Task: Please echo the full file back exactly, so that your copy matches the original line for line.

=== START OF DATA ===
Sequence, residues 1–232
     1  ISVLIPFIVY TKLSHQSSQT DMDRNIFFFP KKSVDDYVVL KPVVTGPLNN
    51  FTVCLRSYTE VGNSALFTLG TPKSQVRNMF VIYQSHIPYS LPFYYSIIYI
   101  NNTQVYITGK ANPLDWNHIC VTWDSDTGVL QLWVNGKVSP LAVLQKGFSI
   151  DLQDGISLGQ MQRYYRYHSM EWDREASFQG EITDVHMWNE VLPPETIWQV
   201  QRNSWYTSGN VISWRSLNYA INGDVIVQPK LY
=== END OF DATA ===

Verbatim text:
Sequence, residues 1–232
     1  ISVLIPFIVY TKLSHQSSQT DMDRNIFFFP KKSVDDYVVL KPVVTGPLNN
    51  FTVCLRSYTE VGNSALFTLG TPKSQVRNMF VIYQSHIPYS LPFYYSIIYI
   101  NNTQVYITGK ANPLDWNHIC VTWDSDTGVL QLWVNGKVSP LAVLQKGFSI
   151  DLQDGISLGQ MQRYYRYHSM EWDREASFQG EITDVHMWNE VLPPETIWQV
   201  QRNSWYTSGN VISWRSLNYA INGDVIVQPK LY